The last received velocity components (48.1 and 59.0 m/sec) indicate an overall speed of 76.1 m/sec, obtained by adding those in quadrature. I assume that to be the speed at altitude 335 metres. Using the normal equations of uniformly-accelerated motion (see my update to this post) the fall from 335 metres to the surface (assumed altitude zero) increases the vertical speed to 67.6 m/sec, and the overall speed to 82.9 m/sec (the horizontal speed being taken to be unaltered). That would be the speed at which Vikram (and Pragyam) would hit the surface under my interpretation. This is close to the 300 kilometres per hour I estimated previously based on an assumption (not a good one) that Vikram was stationary at 2.1 km altitude and fell vertically without anything to slow it down.

It is also straightforward to calculate the time it would take Vikram to hit the surface under this scenario (an unrestrained drop from 335 metres with initial velocity components as above). The answer is 4.7 seconds. Earlier I discussed the time-delay inherent in communicating with the probe from Earth (a three-second round-trip time at least), and so perhaps we have an answer here as to why there was no further signal received from Vikram after the last communication of its location and speed when at altitude 335 metres.

What do I think went wrong? My interpretation – and I would be pleased to be shown to be wrong in some way – is that although the downlink (from Vikram to ISTRAC) continued to function until altitude 335 metres, ceasing after that time due to the spacecraft slamming into the lunar surface at high speed, the loss of the mission was due to the uplink (ISTRAC to Vikram) perhaps being lost as the module rotated to point its rocket nozzles downwards as it passed altitude 2.1 km. From there, already having a vertical speed of about 40 m/sec (from the table above, a slight reduction assumed in the value at 1:42:28), it would have taken only 32 seconds to hit the surface. Any glitch in the autonomous landing software, or the need for an update or input from ISTRAC, could have been fatal for the lander part of the mission at that late stage in the descent.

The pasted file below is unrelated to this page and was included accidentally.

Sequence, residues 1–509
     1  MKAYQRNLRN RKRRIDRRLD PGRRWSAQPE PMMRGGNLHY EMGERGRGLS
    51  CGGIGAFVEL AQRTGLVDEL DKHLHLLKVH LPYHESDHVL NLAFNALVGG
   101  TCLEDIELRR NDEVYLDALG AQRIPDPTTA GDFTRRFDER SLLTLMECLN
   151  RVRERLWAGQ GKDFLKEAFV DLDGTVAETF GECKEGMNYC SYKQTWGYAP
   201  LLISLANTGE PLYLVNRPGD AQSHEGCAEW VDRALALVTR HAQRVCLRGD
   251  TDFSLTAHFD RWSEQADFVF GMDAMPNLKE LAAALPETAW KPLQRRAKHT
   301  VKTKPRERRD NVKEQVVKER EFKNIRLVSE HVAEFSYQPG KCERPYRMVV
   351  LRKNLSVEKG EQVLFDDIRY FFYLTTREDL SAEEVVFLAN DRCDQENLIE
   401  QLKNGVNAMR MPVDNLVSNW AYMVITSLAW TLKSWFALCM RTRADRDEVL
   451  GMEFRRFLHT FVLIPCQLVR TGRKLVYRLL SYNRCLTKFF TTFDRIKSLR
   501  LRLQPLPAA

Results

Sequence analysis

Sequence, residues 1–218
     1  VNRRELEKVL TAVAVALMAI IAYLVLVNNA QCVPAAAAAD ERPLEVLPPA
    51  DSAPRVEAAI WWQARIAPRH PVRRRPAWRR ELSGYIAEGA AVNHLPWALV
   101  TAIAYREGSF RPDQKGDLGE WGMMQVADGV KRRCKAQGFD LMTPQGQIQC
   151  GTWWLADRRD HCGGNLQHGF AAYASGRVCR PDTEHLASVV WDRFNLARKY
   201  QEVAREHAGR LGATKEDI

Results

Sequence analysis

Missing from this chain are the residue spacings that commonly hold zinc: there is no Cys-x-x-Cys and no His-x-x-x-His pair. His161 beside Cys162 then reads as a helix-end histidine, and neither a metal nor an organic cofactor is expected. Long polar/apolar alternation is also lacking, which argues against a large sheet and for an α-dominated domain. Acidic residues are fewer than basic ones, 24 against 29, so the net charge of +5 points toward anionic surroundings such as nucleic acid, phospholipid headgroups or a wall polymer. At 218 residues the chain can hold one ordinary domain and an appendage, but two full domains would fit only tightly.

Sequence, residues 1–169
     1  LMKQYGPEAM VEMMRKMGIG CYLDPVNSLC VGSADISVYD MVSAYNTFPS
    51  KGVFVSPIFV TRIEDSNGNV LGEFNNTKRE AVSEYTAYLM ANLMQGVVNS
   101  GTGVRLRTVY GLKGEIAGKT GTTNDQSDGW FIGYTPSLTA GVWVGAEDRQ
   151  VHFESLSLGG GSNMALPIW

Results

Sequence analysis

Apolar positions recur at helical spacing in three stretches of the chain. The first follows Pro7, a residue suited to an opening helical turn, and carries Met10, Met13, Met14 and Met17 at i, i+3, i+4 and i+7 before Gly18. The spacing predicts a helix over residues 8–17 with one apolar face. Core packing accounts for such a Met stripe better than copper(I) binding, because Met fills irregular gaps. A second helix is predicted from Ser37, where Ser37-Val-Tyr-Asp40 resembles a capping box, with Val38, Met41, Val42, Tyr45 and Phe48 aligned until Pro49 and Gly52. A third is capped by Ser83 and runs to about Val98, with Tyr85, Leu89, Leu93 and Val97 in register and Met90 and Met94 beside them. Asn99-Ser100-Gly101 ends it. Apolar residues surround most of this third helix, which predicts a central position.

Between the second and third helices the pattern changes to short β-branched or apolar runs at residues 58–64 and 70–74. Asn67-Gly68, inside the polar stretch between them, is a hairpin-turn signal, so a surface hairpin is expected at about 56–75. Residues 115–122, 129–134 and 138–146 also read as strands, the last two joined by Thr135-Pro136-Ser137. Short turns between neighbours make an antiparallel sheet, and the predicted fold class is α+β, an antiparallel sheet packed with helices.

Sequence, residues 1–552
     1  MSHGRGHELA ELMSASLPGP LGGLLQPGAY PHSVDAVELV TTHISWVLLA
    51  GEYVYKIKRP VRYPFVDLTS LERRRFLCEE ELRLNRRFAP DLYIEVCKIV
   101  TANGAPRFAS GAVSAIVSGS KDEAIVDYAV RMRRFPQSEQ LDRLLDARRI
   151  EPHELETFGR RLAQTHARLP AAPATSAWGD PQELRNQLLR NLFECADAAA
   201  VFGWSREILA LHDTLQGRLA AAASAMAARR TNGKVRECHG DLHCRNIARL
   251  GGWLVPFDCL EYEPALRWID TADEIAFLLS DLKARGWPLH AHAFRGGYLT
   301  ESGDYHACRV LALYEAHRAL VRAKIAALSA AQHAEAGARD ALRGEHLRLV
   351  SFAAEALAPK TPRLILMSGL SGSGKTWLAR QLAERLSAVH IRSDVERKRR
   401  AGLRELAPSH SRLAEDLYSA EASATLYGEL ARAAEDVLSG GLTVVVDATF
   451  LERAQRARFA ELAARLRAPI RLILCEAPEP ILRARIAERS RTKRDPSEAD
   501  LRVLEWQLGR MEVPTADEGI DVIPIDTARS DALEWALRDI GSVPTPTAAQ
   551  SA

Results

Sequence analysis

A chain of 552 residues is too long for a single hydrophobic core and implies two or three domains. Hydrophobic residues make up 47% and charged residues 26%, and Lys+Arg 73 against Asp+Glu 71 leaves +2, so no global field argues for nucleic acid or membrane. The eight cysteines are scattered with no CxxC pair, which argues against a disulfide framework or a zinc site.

I would anticipate that skilled ISRO personnel are on top of this already, but I’ve found it interesting to try to come up with some answer as to what may have gone wrong using the very sparse information available to me: a recording of the live TV coverage available on YouTube.

Addendum, September 10: I awoke during the night thinking “Hang on, my estimate of a 32 second uncontrolled drop to the surface is inconsistent with the 15 seconds of video of the green path deviating from the red path” (starting at 1:42:55 in the table above). And so I went back to look at the video recording yet again.

At time stamp 1:42:47 (in the animation of the lander’s progress) the altitude of Vikram is given as 2.06 km, and we recall that the time may well be out by a second or two. At time stamp 1:43:12 (in the altitude plot: red and green lines) it appears that Vikram has reached the point at which the last telemetered position was received; on that plot it appears to be slightly under 0.4 km altitude (the height at which the red line becomes vertical), and the value is given as 0.335 km in the animation frame appearing at 1:43:21 (by which time I think that Vikram had actually hit the surface).

Based on the above, it appears that Vikram fell from 2.06 km at 1:42:47 to 0.335 km at 1:43:12, a time difference of 25 seconds. I would posit that to be not inconsistent with my estimate of 32 seconds for an unimpeded drop from 2.1 km to the surface, given the uncertainties in these time evaluations at the one/two second level.

Addendum 2: My old buddy Scott Manley (we worked together at Armagh Observatory in Northern Ireland around two decades ago) has a useful commentary on YouTube regarding the loss of the Vikram lander. Much recommended.

0 Responses to “How the Indian lunar lander was lost”

  • Thanks for the analysis. Definitely plausible, and sounds likely.